Directed by Gustav Hofer and Luca Ragazzi
SEATTLE INTERNATIONAL FILM FESTIVAL 2012 SCREENINGS
June 3rd @ Noon, SIFF Cinema Uptown
June 5th @ 6:00pm, SIFF Cinema Uptown
There was a time when it seemed that the only way an American studio knew how to make money was to churn out some poorly written, slapstick, gross-out comedy with sexual hijinks that invoked cringes, laughs, and three or four poorly written sequels. But just to be clear: films relying entirely on hyper-sexualized situations don’t necessarily have to be from a US studio, as the Danish film Klown demonstrates.
KLOWN FILM REVIEW AND THEATRICAL TRAILER CONTINUED BELOW
Klown follows the clueless and witless Frank (Frank Hvam), who just found out his wife Mia (Mia Lyhne) is pregnant and doesn’t think that Frank has what it takes to be a good father. To prove her wrong, in a series of severe and increasingly poor decisions, Frank kidnaps his 12-year-old nephew Bo (Marcus Jazz Petersen) and takes him on a trip for high-priced prostitutes — a plot conceived by Frank’s friend Casper (Casper Christensen). Frank is intent on showing Mia he can be a good father while Casper is intent on having as much sex as possible. The sexual romp, under the poor disguise of a canoe trip, leads the trio into worse and worse scenarios while all the while giving them a common bond to live with.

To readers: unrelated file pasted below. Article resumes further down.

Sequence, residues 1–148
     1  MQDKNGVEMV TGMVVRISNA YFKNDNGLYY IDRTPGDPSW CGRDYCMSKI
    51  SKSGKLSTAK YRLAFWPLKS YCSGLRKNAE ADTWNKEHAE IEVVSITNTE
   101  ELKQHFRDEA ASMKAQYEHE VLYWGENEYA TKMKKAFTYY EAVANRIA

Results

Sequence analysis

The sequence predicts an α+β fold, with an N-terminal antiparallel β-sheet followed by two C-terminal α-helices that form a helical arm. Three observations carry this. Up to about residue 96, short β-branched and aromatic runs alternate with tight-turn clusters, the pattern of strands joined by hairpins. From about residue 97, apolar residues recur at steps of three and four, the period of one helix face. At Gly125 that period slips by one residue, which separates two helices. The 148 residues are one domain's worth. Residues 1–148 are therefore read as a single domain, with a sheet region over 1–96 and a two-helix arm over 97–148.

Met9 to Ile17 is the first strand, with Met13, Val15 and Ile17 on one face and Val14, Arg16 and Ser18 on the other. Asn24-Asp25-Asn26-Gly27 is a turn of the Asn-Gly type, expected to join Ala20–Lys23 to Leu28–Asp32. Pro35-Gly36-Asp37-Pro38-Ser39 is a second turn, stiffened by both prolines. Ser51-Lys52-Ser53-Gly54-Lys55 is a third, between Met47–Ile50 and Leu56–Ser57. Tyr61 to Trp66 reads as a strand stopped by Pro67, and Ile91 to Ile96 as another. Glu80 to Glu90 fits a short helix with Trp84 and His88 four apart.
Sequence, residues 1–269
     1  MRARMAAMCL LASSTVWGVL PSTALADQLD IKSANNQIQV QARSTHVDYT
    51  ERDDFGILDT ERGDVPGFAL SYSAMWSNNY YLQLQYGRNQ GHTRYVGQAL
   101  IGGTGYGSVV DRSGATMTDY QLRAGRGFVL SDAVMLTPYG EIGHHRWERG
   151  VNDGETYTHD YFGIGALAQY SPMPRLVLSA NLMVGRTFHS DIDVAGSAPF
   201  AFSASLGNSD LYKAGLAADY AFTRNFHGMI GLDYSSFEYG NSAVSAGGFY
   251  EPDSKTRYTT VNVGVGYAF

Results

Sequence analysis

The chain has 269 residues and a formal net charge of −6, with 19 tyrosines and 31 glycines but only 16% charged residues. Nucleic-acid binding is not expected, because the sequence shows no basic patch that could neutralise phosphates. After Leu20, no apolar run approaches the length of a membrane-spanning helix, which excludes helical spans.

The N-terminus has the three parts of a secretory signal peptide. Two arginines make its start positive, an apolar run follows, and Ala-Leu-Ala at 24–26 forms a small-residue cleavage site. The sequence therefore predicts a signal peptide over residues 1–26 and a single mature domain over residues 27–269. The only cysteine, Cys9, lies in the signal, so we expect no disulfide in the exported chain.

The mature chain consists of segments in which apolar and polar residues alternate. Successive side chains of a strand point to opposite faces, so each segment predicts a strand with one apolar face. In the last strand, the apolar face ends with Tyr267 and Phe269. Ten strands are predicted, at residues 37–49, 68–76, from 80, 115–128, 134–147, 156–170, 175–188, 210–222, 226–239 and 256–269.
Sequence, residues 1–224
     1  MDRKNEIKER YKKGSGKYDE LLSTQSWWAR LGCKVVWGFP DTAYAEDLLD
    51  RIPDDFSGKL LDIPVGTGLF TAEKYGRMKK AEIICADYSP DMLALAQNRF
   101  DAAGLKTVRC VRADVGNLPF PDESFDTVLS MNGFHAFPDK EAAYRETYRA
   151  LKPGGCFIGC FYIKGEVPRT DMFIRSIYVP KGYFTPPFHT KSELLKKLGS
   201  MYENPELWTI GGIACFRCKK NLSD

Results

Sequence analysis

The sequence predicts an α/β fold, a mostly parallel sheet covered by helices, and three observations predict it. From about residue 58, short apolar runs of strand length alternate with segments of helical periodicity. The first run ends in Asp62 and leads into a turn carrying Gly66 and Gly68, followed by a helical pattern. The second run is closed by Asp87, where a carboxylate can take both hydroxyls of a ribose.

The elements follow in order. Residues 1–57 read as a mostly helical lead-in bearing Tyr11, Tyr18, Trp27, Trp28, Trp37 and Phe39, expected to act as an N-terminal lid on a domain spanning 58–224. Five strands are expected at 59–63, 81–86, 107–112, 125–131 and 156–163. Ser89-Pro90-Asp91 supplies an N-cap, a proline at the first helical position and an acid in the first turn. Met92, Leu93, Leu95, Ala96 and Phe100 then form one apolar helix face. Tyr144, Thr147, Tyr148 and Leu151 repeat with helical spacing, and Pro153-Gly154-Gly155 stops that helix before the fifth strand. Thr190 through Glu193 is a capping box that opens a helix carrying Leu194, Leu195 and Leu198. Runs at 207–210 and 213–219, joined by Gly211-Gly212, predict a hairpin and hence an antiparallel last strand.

From pretty close to its beginning, where a group of old Danish men are teaching Frank the way of a “pearl necklace” in order to revitalize the passion between him and Mia, it is clear that Klown is operating on a sexualized mindset unseen on American soil since the first American Pie. But Klown is less American Pie than it is Sideways, as it is a romp between two middle-aged men having their own separate but real middle-aged issues. Frank is desperate to show that he can be a father and sustain a family; Casper is desperate to forget he even has one.